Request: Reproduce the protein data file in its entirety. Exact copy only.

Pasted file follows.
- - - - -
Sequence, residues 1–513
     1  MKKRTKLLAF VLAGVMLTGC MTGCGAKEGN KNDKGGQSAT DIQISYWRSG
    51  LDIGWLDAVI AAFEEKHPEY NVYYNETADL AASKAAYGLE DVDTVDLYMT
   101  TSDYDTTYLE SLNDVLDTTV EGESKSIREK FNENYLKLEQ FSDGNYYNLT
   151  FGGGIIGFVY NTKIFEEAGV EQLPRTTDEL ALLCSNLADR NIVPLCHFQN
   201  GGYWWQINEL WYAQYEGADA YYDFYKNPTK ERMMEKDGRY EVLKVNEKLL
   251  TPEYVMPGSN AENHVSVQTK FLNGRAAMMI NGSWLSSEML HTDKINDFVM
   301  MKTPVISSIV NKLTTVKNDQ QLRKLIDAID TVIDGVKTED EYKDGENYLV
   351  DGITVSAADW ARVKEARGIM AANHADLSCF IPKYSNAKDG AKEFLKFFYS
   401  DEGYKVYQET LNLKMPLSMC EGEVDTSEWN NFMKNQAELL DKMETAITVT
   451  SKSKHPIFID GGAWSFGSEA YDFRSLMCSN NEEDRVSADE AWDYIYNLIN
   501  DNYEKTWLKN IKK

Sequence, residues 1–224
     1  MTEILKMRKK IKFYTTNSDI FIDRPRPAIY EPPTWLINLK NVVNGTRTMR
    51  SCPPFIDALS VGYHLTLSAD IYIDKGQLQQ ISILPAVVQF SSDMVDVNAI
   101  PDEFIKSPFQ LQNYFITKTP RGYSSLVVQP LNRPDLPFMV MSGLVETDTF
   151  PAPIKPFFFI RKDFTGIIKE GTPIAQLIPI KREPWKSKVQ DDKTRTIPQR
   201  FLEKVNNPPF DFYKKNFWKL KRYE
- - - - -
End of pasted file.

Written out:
Sequence, residues 1–513
     1  MKKRTKLLAF VLAGVMLTGC MTGCGAKEGN KNDKGGQSAT DIQISYWRSG
    51  LDIGWLDAVI AAFEEKHPEY NVYYNETADL AASKAAYGLE DVDTVDLYMT
   101  TSDYDTTYLE SLNDVLDTTV EGESKSIREK FNENYLKLEQ FSDGNYYNLT
   151  FGGGIIGFVY NTKIFEEAGV EQLPRTTDEL ALLCSNLADR NIVPLCHFQN
   201  GGYWWQINEL WYAQYEGADA YYDFYKNPTK ERMMEKDGRY EVLKVNEKLL
   251  TPEYVMPGSN AENHVSVQTK FLNGRAAMMI NGSWLSSEML HTDKINDFVM
   301  MKTPVISSIV NKLTTVKNDQ QLRKLIDAID TVIDGVKTED EYKDGENYLV
   351  DGITVSAADW ARVKEARGIM AANHADLSCF IPKYSNAKDG AKEFLKFFYS
   401  DEGYKVYQET LNLKMPLSMC EGEVDTSEWN NFMKNQAELL DKMETAITVT
   451  SKSKHPIFID GGAWSFGSEA YDFRSLMCSN NEEDRVSADE AWDYIYNLIN
   501  DNYEKTWLKN IKK

Sequence, residues 1–224
     1  MTEILKMRKK IKFYTTNSDI FIDRPRPAIY EPPTWLINLK NVVNGTRTMR
    51  SCPPFIDALS VGYHLTLSAD IYIDKGQLQQ ISILPAVVQF SSDMVDVNAI
   101  PDEFIKSPFQ LQNYFITKTP RGYSSLVVQP LNRPDLPFMV MSGLVETDTF
   151  PAPIKPFFFI RKDFTGIIKE GTPIAQLIPI KREPWKSKVQ DDKTRTIPQR
   201  FLEKVNNPPF DFYKKNFWKL KRYE